Anderson would be dangerous as a stretch four in pick-and-pops with Paul and Harden. Even if he’s overpaid, might be better to keep him than surrender more assets to dump him.

Likewise, Ariza is a nice two-way player and can play small-ball four. There’s a use for him on this team.

But beyond them, Houston is left with Eric Gordon and Clint Capela as movable players. Gordon, with a higher salary and less obvious fit with Paul and Harden, would almost certainly be a key cog in a trade for another star. Capela is younger and more valuable, though the Rockets would probably want to keep him as a defensive anchor.

That might not be possible while trading for a third star, though. Houston can’t even guarantee sending out another first-round pick in a trade after sending a protected first-rounder to the Clippers. (The Rockets could agree to convey a first-rounder two years after sending one to L.A., which would is highly likely to convey next year.) Including Capela in a trade might be the only way to assemble a suitable package.

Even then, Houston would be hard-pressed to surpass an offer from the Lakers or Celtics for George. Plus, if Indiana is rebuilding around Myles Turner, Capela is an awkward fit. That trade might require a third team – causing further complications.

Hoping Anthony gets bought out by the Knicks then signs for the mid-level exception is much simpler – though that route returns the lesser third star.

But Daryl Morey just brought Chris Paul to Houston before free agency even began. Now is not the time to underestimate the Rockets general manager.

Report: Knicks won’t consider Isiah Thomas to run front office

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A couple years ago, Knicks owner James Dolan said there was no scenario Isiah Thomas would return to the Knicks.

But Dolan also said a few months ago he’d keep Phil Jackson for the duration of Jackson’s five-year contract.

With Dolan effectively firing Jackson today, could Thomas become the Knicks’ next president?

Marc Berman of the New York Post:

The Post also learned Liberty president Isiah Thomas would not be considered for Jackson’s successor.

It’s sad that this needs to be reported. It’s even sadder that, even if this the Knicks’ plans right now, there are no assurances Dolan holds steady.

Dumping Jackson is a reason to celebrate. But as long as Dolan owns the team, it must be a reserved celebration.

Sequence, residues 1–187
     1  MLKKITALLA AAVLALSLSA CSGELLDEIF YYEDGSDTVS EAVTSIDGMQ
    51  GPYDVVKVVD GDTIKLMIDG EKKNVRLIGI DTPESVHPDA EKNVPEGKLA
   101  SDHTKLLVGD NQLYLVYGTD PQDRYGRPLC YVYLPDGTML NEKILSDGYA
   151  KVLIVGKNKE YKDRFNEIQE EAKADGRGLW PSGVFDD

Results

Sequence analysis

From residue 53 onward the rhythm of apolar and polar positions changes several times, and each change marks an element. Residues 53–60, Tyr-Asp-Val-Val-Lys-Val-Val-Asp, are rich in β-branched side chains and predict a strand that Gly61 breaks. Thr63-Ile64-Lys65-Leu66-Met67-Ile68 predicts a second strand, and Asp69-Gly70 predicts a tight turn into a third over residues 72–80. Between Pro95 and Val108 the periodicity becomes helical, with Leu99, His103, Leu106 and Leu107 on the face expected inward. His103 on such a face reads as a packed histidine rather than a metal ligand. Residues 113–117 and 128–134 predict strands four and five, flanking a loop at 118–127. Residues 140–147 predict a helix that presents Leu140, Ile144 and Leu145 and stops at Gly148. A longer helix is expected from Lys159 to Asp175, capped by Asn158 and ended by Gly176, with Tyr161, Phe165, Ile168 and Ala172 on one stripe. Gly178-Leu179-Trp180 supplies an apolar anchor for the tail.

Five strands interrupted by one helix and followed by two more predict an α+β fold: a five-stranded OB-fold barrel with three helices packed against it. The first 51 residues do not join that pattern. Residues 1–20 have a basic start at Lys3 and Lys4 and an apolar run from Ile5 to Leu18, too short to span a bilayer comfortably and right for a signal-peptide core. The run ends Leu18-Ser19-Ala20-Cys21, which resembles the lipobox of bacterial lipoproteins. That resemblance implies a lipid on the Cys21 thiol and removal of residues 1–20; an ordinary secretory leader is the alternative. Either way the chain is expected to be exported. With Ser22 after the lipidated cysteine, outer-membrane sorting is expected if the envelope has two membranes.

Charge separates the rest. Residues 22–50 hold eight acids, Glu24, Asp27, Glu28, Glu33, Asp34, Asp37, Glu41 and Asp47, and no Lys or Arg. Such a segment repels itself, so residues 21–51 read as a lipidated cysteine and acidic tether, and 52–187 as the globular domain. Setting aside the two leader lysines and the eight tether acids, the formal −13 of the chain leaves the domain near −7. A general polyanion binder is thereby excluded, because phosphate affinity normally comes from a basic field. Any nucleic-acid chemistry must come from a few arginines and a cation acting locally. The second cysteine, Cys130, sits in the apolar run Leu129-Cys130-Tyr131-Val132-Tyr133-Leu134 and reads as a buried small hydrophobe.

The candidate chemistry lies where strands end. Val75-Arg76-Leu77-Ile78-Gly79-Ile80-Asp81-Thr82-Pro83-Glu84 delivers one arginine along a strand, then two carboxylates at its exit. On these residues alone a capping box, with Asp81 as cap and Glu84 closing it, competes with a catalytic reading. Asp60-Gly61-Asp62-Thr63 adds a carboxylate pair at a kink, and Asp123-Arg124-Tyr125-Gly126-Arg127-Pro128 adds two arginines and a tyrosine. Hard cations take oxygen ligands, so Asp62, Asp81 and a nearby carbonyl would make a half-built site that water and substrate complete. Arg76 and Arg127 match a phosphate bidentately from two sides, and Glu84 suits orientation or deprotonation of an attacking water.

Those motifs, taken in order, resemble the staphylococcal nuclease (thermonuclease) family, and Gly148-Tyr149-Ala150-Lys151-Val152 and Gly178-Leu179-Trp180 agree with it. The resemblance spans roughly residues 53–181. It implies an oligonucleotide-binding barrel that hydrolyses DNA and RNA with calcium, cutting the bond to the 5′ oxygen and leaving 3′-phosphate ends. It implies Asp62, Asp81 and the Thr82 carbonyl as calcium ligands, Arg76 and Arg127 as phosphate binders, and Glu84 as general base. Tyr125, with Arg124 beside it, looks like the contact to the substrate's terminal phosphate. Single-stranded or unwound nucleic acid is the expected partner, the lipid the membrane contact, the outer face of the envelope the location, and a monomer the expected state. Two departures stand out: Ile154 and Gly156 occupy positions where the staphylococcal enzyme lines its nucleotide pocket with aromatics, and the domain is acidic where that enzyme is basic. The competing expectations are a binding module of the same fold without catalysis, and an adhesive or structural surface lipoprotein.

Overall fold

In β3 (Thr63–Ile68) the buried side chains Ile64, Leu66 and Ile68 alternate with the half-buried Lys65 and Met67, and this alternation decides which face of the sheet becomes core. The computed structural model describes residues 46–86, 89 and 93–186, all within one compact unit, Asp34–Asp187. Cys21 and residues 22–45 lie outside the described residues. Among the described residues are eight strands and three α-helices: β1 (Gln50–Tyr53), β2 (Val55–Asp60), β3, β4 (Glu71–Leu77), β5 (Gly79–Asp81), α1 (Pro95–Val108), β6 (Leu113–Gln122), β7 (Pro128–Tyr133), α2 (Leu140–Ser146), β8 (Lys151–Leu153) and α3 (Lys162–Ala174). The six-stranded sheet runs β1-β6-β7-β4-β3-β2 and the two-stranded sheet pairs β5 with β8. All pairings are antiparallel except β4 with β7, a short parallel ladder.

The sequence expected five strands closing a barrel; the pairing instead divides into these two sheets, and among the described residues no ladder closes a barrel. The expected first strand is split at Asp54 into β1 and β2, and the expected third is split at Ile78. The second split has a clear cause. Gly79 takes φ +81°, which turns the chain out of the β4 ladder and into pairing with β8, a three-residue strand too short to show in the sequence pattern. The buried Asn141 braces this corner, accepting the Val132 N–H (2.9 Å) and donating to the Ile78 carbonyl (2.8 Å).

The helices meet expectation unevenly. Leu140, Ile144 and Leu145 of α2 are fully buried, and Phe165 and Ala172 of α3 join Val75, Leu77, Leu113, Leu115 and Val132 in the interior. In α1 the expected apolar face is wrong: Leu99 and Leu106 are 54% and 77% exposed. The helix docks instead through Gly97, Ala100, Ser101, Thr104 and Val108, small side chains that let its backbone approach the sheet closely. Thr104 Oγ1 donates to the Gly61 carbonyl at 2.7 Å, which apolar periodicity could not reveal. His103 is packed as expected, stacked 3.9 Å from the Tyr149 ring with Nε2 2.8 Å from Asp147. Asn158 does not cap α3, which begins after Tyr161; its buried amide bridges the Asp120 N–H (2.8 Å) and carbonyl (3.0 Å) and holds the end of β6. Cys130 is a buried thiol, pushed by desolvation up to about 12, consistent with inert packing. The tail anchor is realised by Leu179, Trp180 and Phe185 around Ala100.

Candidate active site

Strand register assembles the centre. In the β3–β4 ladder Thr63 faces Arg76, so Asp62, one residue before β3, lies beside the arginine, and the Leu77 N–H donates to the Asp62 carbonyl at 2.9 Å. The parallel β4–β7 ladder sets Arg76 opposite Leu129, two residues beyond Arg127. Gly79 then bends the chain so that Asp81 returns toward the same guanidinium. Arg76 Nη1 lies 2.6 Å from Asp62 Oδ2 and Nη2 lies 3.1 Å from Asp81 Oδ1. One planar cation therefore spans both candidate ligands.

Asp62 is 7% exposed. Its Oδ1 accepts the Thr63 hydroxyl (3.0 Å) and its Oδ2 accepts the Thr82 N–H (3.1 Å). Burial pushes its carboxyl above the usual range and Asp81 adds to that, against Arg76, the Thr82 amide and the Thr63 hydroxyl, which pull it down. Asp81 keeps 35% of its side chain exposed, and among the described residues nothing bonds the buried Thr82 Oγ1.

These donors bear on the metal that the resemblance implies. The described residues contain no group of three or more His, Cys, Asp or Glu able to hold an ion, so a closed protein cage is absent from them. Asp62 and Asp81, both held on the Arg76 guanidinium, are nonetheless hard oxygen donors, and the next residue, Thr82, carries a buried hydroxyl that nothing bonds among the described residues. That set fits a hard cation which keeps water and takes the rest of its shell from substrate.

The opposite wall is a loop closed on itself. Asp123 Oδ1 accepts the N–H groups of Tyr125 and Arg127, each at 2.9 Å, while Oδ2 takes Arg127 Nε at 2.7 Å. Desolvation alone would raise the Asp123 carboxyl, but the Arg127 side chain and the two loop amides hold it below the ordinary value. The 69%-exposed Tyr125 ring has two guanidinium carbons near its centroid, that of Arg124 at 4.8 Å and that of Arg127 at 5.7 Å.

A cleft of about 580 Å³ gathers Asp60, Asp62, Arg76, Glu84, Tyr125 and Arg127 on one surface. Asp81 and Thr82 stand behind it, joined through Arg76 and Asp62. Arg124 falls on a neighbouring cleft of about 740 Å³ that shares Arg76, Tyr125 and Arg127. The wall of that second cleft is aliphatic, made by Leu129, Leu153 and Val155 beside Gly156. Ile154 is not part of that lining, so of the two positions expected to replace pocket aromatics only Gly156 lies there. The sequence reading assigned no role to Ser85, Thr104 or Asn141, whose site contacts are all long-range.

At least the Knicks’ next step won’t include Thomas. Probably.

Raptors promote Bobby Webster to general manager

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TORONTO (AP) — With rumors swirling about the Knicks chasing Raptors president Masai Ujiri, the Raptors have promoted Bobby Webster to general manager.

Webster, 32 years old assistant the youngest GM in the NBA, replaces Jeff Weltman, who left Toronto in May to become president of the Orlando Magic.

A former staffer at the NBA league office in New York, Webster joined the Raptors in 2013 and was named assistant GM in 2016.

He’ll help decide what to offer All-Star point guard Kyle Lowry, who opted out of the final year of his contract last month after Cleveland swept Toronto in the second round of the playoffs.

Forwards Serge Ibaka, P.J. Tucker and Patrick Patterson are all unrestricted free agents.

Also Wednesday, Toronto promoted Dan Tolzman to assistant general manager.

The Raptors have posted consecutive 50-win seasons and made four straight playoff appearances.

Jason Williams out 6-8 months after injury in Big3 debut

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NEW YORK (AP) — Former NBA point guard Jason Williams will miss six to eight months after suffering a knee injury in the opening game of the Big3.

Corey Maggette, also injured in the opening week of Ice Cube’s 3-on-3 league of former NBA players, had surgery for a leg injury. There is no timetable for his return.

The injuries were announced Wednesday during a conference call with Cube and Big3 co-founder Jeff Kwatinetz, who also detailed a couple rules changes starting with this weekend’s game in Charlotte, North Carolina.

Games will be played to 50 points, instead of 60, with halftime coming when the first team reaches 25 points. Cube said that would help the four games per day move more quickly.